You may wonder how prices in one market affect the prices in others. For example, you often hear that OPEC is reducing their oil production, oil prices are increasing, and that is going to affect the price of your airline ticket. Or, most recently, increases in tariffs are going to raise steel prices which are going to affect the price of cars. How does that work?
Let’s talk about butter… and croissants. If you’ve ever made a croissant, you know that there is a lot of butter that goes into it. But, let’s be honest, most people have not spent two days making a batch of croissants. More likely, you’ve eaten a croissant. What creates that beautiful flakiness? What’s that amazing flavor that you taste? Butter! Croissants are layered with butter. I’d go as far as to say that besides flour it is the KEY ingredient.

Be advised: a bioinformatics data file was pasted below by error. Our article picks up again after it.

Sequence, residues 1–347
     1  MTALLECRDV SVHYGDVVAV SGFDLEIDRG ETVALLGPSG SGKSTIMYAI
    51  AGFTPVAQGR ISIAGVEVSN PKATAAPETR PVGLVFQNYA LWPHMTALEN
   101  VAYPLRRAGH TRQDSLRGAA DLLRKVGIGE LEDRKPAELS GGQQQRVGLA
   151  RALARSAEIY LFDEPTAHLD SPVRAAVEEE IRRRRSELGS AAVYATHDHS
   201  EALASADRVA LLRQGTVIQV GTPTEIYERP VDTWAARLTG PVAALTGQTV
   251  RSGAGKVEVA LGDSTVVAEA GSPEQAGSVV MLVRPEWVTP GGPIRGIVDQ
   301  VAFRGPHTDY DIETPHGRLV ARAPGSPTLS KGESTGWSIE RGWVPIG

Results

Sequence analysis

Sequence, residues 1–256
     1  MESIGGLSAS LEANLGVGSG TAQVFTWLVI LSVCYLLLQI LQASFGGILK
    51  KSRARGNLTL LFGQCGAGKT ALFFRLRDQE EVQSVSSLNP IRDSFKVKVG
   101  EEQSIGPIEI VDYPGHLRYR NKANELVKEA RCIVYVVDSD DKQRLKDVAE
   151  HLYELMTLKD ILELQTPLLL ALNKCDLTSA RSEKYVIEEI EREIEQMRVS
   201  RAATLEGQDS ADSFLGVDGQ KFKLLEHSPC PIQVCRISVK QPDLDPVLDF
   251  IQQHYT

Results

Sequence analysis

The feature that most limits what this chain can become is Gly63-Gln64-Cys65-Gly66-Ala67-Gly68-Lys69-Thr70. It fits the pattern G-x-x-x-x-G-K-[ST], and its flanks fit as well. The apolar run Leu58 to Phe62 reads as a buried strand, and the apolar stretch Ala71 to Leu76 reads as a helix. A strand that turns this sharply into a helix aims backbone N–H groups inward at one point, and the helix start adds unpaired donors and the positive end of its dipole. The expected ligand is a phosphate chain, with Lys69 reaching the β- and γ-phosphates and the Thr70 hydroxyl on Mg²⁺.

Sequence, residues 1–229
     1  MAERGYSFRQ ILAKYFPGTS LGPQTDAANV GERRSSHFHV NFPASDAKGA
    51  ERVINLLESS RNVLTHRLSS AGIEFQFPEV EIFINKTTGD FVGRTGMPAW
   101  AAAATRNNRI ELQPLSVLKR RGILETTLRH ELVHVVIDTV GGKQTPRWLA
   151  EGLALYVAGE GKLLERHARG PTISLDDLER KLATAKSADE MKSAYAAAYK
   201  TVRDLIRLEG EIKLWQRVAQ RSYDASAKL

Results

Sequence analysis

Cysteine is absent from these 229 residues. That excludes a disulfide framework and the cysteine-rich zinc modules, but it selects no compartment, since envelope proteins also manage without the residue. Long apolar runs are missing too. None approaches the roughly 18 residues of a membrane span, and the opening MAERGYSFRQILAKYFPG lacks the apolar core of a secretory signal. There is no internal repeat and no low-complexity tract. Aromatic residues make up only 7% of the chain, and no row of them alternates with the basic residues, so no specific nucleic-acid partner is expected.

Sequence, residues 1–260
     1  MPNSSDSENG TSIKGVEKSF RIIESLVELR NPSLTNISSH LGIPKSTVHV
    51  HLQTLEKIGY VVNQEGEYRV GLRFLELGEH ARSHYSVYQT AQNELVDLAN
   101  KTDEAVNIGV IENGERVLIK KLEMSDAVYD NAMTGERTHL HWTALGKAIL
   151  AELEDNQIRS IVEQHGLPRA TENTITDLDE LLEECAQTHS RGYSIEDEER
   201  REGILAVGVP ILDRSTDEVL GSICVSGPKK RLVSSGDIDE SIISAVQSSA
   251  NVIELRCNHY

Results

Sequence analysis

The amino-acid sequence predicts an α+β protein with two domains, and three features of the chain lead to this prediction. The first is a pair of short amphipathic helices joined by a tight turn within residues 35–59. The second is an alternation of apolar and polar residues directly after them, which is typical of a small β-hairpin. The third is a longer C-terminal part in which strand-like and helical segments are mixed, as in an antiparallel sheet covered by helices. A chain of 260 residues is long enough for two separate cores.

The French are known for the croissants. You can’t walk down a Parisian street without walking by a
French patisserie selling pain au chocolates (chocolate croissants… forgive me if that is not how you make a plural of the French spelling of "chocolat"). A few years ago, the French had a crisis. There was a shortage of butter in French grocery stores. Here is what happened: